This list was being passed around by my friends, and I couldn’t resist sharing. I have no idea who penned it or where it originated. If someone knows, I’ll be happy to credit and link it. Leave me a comment. If it is yours and you would prefer it not to be here, let me know and I’ll remove it.
19 Quirky Conundrums Only Book Lovers Understand
An avid reader is one of the best things a person can be. Not only does reading literature enhance your brain’s connectivity (because, science!), it also allows you to experience other cultures, and avoid making embarrassing grammatical errors. There are, however, a handful of irksome situations that book lovers have to face. When is it okay to abandon a so-so novel? What’s the most efficient method of bookshelf organization? Is it snobby to dump someone on the basis of his or her dislike of reading? These and other quirky conundrums are perhaps the only downside to loving books with all of your heart and soul.
- Finding a comfortable reading position is a never-ending quest. Chair or bed? Side or back? In a box? With a fox?
- On airplanes, you hesitantly flick on the overhead light while everyone else is napping.
- Paper cuts may look like minor injuries, but the pain can be excruciating.
- Walking and reading at the same time requires hand-eye coordination only professional athletes have been endowed with.
- What on earth are you supposed to do with the jacket on a hardcover while you’re reading it? Keep it on and risk damaging it? Take it off and store it in a weird nook, never to find it again?
- Deciding what to read is a choice that presents you with an embarrassment of riches.
- The typeface and page length of a book can seriously impact your reading experience, sometimes for the worse (sans-serif font is a huge no-no).
- A book can be composed of the worst drivel you’ve ever laid eyes on, you’re still afflicted with major guilt when you banish it to the “I Will Never Ever Ever Finish This. Like, Ever.” shelf.
- You lament time that you’ve wasted in the past; all of those hours scouring celebrity Twitters could have been put towards finally reading Moby Dick!
- Some people count down the minutes until their lunch hour; you count down the minutes until Jeffery Eugenides or Donna Tartt releases their next book (roughly 5 million for Tartt, but who’s counting?!)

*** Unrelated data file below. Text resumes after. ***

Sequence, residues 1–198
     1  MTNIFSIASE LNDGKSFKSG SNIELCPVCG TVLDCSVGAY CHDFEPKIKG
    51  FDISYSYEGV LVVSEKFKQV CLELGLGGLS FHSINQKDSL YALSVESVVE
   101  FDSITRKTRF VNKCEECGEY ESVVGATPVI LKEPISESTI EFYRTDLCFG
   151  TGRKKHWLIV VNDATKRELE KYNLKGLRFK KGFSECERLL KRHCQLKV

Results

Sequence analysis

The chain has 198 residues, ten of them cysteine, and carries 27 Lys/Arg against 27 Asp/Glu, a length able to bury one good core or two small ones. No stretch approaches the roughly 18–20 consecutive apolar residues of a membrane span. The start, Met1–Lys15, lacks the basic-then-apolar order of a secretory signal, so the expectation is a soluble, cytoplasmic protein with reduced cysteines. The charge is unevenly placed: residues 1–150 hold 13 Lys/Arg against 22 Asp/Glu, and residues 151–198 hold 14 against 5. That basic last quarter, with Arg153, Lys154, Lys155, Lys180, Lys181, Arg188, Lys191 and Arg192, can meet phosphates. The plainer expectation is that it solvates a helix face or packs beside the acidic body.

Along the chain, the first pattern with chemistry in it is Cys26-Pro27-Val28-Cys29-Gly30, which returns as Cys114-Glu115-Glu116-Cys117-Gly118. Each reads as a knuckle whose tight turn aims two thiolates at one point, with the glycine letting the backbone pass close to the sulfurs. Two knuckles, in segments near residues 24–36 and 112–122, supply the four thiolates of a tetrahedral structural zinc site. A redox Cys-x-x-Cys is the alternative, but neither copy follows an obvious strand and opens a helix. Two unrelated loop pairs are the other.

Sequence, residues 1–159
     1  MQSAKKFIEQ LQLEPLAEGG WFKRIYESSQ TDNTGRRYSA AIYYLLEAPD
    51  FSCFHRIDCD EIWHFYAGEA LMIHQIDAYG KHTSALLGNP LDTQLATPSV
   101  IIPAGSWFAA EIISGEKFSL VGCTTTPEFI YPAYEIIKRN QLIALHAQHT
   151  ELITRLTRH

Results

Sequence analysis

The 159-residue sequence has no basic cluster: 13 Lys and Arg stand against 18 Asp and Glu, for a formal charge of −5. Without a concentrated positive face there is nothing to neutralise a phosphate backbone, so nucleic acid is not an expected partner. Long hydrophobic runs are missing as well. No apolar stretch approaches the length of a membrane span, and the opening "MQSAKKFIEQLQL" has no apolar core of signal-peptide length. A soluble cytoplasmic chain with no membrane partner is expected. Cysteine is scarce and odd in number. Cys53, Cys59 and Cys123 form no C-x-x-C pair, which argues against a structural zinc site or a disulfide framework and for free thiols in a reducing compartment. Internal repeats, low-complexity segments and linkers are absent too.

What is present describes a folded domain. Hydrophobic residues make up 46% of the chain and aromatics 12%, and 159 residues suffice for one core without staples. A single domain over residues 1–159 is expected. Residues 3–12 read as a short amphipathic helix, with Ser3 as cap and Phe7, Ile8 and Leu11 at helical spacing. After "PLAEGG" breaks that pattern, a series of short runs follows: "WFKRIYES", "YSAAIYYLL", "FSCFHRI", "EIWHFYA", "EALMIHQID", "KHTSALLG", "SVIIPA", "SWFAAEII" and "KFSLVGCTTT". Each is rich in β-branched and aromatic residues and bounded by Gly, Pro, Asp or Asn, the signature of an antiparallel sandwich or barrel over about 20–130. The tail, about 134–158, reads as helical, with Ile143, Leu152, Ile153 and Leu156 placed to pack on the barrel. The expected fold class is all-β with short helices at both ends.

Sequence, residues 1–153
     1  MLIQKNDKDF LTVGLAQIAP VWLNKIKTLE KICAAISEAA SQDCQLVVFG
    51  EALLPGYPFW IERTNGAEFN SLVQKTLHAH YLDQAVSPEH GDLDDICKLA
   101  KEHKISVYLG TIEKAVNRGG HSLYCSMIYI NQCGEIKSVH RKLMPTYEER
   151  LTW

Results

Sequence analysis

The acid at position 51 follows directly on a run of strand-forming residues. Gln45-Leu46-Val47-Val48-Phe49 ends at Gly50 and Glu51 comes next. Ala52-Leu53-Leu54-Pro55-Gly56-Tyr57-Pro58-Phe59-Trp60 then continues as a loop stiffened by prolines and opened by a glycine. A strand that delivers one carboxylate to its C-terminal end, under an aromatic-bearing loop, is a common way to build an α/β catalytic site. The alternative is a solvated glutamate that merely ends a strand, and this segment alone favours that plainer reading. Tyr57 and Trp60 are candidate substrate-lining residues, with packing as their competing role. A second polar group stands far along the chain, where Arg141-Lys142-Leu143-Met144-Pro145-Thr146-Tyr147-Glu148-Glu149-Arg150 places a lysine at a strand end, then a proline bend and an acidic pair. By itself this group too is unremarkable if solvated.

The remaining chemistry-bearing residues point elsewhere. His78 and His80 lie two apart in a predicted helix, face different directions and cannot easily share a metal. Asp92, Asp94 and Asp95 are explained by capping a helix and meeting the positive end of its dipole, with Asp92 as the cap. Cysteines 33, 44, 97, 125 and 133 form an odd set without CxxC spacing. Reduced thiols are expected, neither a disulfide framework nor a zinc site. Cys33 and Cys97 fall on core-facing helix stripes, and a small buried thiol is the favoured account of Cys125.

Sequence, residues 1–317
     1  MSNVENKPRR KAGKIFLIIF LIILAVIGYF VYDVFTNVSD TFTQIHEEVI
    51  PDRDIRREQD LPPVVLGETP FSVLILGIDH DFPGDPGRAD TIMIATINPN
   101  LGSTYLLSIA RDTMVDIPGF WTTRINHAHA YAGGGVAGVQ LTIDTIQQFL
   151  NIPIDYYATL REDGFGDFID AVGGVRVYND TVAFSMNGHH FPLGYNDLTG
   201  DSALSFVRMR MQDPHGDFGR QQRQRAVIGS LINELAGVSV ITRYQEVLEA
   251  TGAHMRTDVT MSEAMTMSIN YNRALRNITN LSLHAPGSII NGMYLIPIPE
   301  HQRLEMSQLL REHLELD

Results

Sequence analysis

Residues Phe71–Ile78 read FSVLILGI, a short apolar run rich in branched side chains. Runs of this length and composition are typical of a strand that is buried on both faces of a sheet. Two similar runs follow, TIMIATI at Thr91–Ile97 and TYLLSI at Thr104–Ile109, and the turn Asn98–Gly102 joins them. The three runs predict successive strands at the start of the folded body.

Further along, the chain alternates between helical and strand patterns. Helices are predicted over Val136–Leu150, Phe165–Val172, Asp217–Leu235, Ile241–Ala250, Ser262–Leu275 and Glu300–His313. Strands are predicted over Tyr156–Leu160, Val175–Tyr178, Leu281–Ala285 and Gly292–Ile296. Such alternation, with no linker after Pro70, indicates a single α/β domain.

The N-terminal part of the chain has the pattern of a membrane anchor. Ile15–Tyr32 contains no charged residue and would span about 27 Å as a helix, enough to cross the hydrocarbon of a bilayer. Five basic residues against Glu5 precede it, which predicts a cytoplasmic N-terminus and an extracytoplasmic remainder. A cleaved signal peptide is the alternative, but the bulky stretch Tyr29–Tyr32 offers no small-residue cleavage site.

- Finishing a book you loved is like saying goodbye to a good friend. You’ve been through so much together! And while you may see each other again, it won’t be quite the same.
- Forget finding roommates; the most stressful thing about moving is figuring out a way to transport boxes upon boxes of heavy books.
- You’re constantly rethinking your bookshelf strategy. Should you color-coordinate, or take a more practical approach, such as publication date or alphabetization? Or, if you’re feeling ambitious, should you tackle the autobiographical bookshelf, à la Rob Gordon from High Fidelity?
- Your mood is directly impacted by the mood of the book that you’re reading; your friends have learned to avoid you during Dostoyevsky months or Bret Easton Ellis weeks.
- You take found books home like abandoned puppies, chirping, “Can we keep it?!” That’d be well and good if it didn’t happen once a day.
- One does not simply walk by a bookstore. One must poke around, at the very least, and one usually ends up filling one’s tote bag with more books than one can carry.
- “I don’t read” is a relationship death knell, akin to “I loathe my mother” or “I enjoy upsetting kittens.”
- You may or may not own two (or three or four) copies of a beloved book. You can’t help it, the redesigned covers are irresistible!
- Laundry day and other important obligations get completely overlooked when you’re in the middle of a great, un-put-downable book. “Same shirt Saturday”? Sorry you’re not sorry.